In that moment, I really wanted to explode and move the anger out of my body. But, you raised you voice and said, “You aren’t supposed to know the answer!” That caused me to shut down.

Then, things got quieter and you started working with me to analyze and diffuse the emotion. At that moment, I didn’t want to diffuse and understand it – I wanted to explode.

I can think of one other specific example . . . and I think it has happened at least one other time although I can’t remember the specific incident . . .

I’m guessing that you might be getting triggered when I raise my voice and that is why you stop the escalation of my emotional outburst . . . that maybe, in the situation where my anger is directed more towards you and your behavior rather than at my dad, that feels unsafe to you and so you stop it.

Edward: I’ve not thought about it, but that could be a very real possibility. Because I’m human, I do get triggered sometimes. As a mental health professional, it is my responsibility to identify and address my own trigger points as soon as I become aware of them so I don’t drag them into my work with my clients.

I’m glad you’ve called my attention to this so that I can address it – your courage and honesty allows me to become a healthier human being and a more effective therapist – so, thank you for that!

And, as we are sitting here talking about it, I can identify a concern I would have around us allowing the expression of your anger to escalate in the context you are describing . . .

I’m concerned that a undirected outburst might cause the inflammation of your anger but that it might not actually resolve that anger . . . that it would only bring it to the surface but not move it out of your body . . . and that could be counterproductive. I think that would be my biggest concern.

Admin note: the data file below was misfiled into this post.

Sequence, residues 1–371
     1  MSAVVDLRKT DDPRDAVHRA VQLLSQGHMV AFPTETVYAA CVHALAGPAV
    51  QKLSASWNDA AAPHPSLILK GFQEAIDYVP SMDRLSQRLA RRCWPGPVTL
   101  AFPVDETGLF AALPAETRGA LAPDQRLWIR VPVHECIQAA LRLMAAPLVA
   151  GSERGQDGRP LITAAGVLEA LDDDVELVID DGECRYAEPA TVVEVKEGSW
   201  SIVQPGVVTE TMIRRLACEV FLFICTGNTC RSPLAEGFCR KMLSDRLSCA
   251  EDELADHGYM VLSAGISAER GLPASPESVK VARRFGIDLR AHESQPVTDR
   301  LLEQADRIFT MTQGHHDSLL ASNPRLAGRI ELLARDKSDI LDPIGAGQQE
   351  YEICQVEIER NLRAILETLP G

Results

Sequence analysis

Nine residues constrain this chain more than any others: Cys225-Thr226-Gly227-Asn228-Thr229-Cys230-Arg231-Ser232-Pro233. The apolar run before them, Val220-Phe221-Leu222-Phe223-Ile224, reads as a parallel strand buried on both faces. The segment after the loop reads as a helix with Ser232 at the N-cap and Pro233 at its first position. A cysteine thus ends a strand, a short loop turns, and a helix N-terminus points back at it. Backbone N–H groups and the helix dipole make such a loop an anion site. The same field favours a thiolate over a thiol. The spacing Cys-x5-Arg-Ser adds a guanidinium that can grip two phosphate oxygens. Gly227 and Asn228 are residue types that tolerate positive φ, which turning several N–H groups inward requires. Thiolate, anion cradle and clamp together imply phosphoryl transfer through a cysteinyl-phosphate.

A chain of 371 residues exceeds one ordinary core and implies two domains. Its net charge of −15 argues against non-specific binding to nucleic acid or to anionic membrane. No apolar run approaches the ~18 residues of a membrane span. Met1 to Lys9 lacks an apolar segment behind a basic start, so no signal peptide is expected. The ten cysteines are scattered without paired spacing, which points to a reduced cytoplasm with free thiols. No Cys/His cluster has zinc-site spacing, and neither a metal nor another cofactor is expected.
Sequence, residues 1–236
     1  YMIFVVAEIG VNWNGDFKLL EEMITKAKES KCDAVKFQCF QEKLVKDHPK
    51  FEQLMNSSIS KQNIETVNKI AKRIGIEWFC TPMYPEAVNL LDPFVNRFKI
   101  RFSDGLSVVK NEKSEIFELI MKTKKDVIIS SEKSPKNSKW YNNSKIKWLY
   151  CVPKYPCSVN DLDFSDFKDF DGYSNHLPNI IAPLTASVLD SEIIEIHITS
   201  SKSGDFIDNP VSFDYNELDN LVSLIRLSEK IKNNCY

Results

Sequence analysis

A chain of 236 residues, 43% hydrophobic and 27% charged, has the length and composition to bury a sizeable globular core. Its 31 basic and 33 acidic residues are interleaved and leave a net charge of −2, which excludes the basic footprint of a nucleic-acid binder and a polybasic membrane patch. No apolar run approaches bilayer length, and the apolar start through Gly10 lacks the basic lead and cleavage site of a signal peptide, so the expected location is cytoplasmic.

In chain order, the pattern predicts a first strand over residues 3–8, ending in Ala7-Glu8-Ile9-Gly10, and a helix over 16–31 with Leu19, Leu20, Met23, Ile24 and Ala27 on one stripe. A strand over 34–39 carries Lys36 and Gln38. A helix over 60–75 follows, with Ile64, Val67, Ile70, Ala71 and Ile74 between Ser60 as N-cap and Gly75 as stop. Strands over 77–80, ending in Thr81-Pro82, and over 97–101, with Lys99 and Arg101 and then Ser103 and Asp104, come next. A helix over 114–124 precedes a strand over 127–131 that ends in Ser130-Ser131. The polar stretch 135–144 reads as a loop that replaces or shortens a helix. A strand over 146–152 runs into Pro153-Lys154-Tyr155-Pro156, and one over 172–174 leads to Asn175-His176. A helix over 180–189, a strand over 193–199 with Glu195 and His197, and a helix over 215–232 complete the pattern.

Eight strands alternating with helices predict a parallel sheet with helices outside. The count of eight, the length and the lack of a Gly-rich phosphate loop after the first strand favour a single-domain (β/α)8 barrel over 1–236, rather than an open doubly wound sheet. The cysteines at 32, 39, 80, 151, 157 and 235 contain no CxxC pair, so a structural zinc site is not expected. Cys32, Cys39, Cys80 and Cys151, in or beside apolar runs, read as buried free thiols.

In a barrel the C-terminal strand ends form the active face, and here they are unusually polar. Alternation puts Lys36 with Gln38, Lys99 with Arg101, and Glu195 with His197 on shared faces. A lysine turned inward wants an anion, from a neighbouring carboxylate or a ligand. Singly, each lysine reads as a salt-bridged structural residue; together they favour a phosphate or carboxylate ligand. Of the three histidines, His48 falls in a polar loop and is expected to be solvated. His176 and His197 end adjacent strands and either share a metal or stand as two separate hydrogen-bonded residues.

Me: Hmmm . . . yes, I see what you are saying. However, I think I would have an initial outburst . . . a release of tension . . . and then I’d be in a better position to sit back and work through it . . . for you to help me understand the underlying causes.

Sometimes the tension is so heavy that I get paralyzed . . . when that happens, I’m no longer free to take a step back . . . I get stuck.

Allowing the tension to disburse would put me in a better place to do the work that we’ve been doing already when I get triggered. I think it would be a healthy thing, especially in here where you can help me work through it.

Edward: Okay . . . I trust your instinct on this. So, let’s plan that way . . . when I sense that you are getting triggered and your anger is building, I’ll make sure I don’t interrupt you or try to stop the expression of your anger. Instead, I’ll do whatever I can to help you express that anger in a safe way.

Me: Okay . . . good . . . thank you! That is what I was hoping for!

(Edward sat quieting, watching me for a moment . . . )

Edward: (Very gently) So, does it feel to you that this matter is resolved for now? I mean, do you need further assurances from me that I understand what you are saying or that I understand how to support you in this way going forward? What do you need from me today in relation to this?

Me: I feel good about it . . . I don’t need anything more from you today. I feel heard and understood – and thank you for that! I appreciate that you are willing to hear what I had to say even if it might be uncomfortable for you. That means a lot to me.

Edward: You are welcome!

[Continued in the next post . . . ]